HENNING, Tenn. (CBS/AP) Police are still looking for the men who gunned down two postal workers at a rural Tennessee post office that doubles as a community center.
The shooting happened Monday morning at the one-story brick post office in Henning, Tenn., a small town about 45 miles northeast of Memphis, where the local gas station that sells fried chicken is also its most popular eatery.
Judy Spray, a 58-year-old rural carrier associate, and Paula Robinson, a 33-year-old retail clerk, were both killed in the attack.
Mike Dunavant, the Lauderdale County District Attorney, gave no new information as he talked to a reporter Tuesday morning. On Monday, he acknowledged the suspect or suspects were armed and dangerous and said the killings were done with "disturbing violence."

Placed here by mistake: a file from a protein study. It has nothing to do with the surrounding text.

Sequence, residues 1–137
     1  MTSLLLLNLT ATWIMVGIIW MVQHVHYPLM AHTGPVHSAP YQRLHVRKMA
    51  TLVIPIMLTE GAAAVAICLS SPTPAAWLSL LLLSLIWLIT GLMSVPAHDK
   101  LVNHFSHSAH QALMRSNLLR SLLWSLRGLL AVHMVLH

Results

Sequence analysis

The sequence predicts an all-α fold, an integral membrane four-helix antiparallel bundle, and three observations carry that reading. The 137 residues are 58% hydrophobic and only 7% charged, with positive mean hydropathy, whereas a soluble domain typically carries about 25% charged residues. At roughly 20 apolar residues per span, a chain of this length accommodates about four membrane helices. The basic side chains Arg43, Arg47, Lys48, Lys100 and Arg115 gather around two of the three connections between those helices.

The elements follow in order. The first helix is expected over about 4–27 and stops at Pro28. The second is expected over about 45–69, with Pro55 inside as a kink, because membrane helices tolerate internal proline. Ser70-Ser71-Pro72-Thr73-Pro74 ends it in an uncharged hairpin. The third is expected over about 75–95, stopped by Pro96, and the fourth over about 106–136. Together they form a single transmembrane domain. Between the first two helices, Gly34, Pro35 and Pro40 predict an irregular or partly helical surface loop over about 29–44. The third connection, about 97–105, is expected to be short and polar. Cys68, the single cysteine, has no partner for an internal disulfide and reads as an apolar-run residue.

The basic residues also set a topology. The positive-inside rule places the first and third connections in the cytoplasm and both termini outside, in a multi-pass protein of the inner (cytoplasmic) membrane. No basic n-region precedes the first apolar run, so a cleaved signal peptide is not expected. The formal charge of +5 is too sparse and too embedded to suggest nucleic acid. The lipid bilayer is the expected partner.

Spray and Robinson were the only ones in the post office during the shooting, said Yulanda Burns, spokeswoman for the U.S. postal inspection service.
The victims were well known to residents who often come to pick up their mail at the post office, which sits between a self-service car wash and a coin-operated laundry called "Mom's" in the western Tennessee town of about 1,200 people.
Keith Morris, assistant inspector in charge of the U.S. Postal Inspection Service in Memphis, said officials have several possible motives.
"We have a lot of theories that are in play at this point," he said.
Postal officials offered a $25,000 reward for information leading to an arrest and conviction in the case.